Cartoonist and illustrator Chuck Dillon, who teaches at the Hussian School of Art here in Philadelphia, has condensed some of his observations about students over his 10 years of teaching, and produced cartoon drawings/infographics of 20 student “types”.
Inspired in part by Daniel Clowes Art School Confidentaial, a graphic story (made into a movie by Terry Zwigoff) that did a bit of similar classification of art students, Dillon came up with 20 classifications, like Student 1.0, the Anime Student, the Snob/Fine Art Student, the Mom Student, the Comic Book/Geek Student, etc.
You may be disinclined to identify, as most of his characterizations are negative and drawn from the inevitable frustrations of a teacher who is trying to communicate something through the barriers people often erect in the name of identity, but it’s amusing to see his take on them.
Personally, I found it difficult to identify for another reason. Enough years have passed since I was in art school that many of his types don’t resonate with me, largely because the social/pop culture phenomena to which they’re tied (anime, metal, gaming) didn’t exist at the time. Other types with which I might have identified (60’s counterculture types) no longer apply. Also I went to a different kind of art school, Hussian is a small commercial art school, a sharp contrast in some ways to the medium sized fine arts academy that I attended.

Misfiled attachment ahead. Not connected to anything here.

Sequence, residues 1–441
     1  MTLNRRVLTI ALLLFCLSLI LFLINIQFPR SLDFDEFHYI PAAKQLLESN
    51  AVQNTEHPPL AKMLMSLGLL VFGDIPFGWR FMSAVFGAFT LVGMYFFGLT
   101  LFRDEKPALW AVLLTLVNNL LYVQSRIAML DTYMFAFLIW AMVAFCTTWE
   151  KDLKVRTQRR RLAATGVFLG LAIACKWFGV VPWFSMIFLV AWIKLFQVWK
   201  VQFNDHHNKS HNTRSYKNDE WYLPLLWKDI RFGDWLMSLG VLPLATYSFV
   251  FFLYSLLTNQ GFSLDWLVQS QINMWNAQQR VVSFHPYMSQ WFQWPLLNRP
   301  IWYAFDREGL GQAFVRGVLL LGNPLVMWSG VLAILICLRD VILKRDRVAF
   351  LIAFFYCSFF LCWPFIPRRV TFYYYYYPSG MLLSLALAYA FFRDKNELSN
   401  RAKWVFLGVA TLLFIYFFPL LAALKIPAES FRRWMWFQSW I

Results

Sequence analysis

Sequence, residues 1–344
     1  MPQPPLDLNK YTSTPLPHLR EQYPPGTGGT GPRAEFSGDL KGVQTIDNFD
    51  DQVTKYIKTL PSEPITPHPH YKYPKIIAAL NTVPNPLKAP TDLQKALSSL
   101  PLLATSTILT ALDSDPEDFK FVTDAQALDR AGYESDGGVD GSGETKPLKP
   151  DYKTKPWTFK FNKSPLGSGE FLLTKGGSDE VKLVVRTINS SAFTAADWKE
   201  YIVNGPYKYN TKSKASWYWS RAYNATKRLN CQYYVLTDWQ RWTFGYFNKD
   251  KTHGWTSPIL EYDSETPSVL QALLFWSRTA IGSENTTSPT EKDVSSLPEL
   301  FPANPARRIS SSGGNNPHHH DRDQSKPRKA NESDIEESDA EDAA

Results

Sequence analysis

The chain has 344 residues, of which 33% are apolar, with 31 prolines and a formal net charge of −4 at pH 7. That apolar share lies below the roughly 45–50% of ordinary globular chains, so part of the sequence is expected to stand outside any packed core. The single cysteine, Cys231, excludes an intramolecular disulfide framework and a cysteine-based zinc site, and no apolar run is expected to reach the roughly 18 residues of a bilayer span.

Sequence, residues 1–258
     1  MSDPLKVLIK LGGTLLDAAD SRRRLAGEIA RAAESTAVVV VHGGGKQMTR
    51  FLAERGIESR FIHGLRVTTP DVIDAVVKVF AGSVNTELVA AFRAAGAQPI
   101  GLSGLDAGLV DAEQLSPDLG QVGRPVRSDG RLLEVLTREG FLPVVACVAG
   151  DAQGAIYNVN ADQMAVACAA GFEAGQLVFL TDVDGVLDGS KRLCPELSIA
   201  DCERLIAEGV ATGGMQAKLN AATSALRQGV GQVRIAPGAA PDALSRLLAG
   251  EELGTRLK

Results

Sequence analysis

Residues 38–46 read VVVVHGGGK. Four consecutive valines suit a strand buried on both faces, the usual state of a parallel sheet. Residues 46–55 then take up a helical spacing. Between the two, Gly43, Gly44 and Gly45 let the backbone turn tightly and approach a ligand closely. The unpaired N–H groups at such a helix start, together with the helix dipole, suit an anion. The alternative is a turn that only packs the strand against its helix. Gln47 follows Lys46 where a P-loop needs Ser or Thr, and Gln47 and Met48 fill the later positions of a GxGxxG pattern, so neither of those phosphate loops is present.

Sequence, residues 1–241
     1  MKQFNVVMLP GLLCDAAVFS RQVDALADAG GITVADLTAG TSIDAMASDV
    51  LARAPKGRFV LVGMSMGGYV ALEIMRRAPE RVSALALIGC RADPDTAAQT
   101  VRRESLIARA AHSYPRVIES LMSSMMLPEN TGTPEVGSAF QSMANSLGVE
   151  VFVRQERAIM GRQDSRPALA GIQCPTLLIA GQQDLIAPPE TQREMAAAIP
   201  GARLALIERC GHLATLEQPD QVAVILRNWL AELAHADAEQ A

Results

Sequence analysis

Still some things are universal, and even though we all know it’s not a Good Thing to classify people by their appearance, it’s fun to sort into “types”.
It’s also fun to compare Dillon’s categorization of student types with his assessment of himself over time in a two part series called “Through the years…” and “Through the Years (part2)“, which preceded his student types, and was inspired by the Draw yourself as a teen meme started by webcomics artist Dave Valeza (see my post about Draw yourself as a teen).
The rest of Dillon’s blog varies from posts about his process to train sketches to various finished and unfinished projects, like his Philadelphia Zoo Annual Report Comic Strip. Dillon also has a web site which showcases some of his other work.